How We Move | Adweek
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How We Move

Why tablet publishing doesn't synch up

But, back to Rupert. The Daily is a pure I-don’t-get-it-but-I’ll-be-damned-if-that-stops-me play (and who can stop me, anyway?). It was conceived by Murdoch himself, willed into being by Murdoch, and executed by him. A man who has an absolute belief in the medium of newspapers and almost no firsthand experience or interest in digital media—save for having sometimes to awkwardly pose next to a computer to suggest he might use one, although he doesn’t—decided to address the problem of old ways and new technology with the greatest certainty and resolve. The Daily is the result—a hopeless misreading of the form.

At other publishing companies there are hipper, more adroit people. But they are not that hip and not that adroit, and all of them are fundamentally connected to the old ways, too. And their cumbersome, inert, buggy, too-long-to-load, jazzy design, para-publishing products are the result.

Meanwhile, the mobile form expands and grows, driven by a basic question that most publishers have seemingly not asked: How does information relate to movement?

Books work because they require enough concentration to blunt the world around you. They provide anonymity. Music works, increasing everyone’s privacy. Games are the ultimate narrow focus. Constructing little cubicles is the art. Private when public—that’s the goal. I am not here, really. Blank me, please. I am blanking you.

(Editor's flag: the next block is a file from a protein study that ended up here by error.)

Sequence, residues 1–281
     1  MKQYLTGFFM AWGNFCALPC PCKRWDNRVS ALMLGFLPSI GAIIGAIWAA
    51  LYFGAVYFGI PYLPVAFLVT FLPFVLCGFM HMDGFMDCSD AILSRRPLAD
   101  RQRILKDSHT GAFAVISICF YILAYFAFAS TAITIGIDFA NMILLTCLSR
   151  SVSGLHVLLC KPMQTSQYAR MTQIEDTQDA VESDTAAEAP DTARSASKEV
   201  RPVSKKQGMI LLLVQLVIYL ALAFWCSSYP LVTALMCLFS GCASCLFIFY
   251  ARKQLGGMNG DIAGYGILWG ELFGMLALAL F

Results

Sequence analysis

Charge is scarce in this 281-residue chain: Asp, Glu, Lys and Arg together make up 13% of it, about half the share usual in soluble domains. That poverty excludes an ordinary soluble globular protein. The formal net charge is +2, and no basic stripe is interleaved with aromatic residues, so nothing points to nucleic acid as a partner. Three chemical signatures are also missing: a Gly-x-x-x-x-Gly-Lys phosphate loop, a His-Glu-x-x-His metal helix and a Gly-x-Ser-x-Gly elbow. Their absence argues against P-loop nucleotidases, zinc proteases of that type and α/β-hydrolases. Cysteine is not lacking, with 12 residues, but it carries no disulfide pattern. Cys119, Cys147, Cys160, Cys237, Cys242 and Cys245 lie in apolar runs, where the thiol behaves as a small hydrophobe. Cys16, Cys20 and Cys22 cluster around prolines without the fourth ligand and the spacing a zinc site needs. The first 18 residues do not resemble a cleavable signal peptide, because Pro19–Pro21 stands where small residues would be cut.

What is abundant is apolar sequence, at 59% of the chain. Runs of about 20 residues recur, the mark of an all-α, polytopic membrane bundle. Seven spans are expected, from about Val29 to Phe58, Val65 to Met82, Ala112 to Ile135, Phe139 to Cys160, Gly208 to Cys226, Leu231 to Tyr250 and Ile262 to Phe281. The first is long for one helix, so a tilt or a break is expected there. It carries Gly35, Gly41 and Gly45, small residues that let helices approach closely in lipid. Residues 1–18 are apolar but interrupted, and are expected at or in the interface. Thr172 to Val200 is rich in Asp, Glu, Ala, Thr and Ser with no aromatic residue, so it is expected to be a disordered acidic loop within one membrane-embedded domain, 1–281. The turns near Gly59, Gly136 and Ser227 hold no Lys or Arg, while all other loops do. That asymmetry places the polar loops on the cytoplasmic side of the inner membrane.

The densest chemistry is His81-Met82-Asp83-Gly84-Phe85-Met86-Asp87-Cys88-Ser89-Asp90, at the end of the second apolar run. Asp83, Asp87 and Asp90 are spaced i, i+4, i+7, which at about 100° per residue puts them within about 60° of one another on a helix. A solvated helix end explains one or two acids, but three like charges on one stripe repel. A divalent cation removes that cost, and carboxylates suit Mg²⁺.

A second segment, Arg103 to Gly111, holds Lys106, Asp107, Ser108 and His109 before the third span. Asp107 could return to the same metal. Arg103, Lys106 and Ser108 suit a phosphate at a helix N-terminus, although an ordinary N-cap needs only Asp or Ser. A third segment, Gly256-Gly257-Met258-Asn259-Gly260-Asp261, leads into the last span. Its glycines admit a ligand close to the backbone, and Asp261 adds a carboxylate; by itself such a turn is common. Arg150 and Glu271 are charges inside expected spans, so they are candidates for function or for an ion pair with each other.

There’s a loud, jarring, jumpy, desperate, look-at-me sense of tablet publishing—it tries too hard. It’s not just that tablet design invites people to look over your shoulder and enter your space—but it makes the reader self-conscious too. So much design, so little function. So much brand, so little purpose. Vulgar.

Curiously, periodical publishers used to be the experts on information and movement—specialists in portability. “People carry newspapers so other people see who they are,” Murdoch once explained to me.

But we move differently now, quietly, discretely, contemplatively, using technology to make ourselves smaller as we go.

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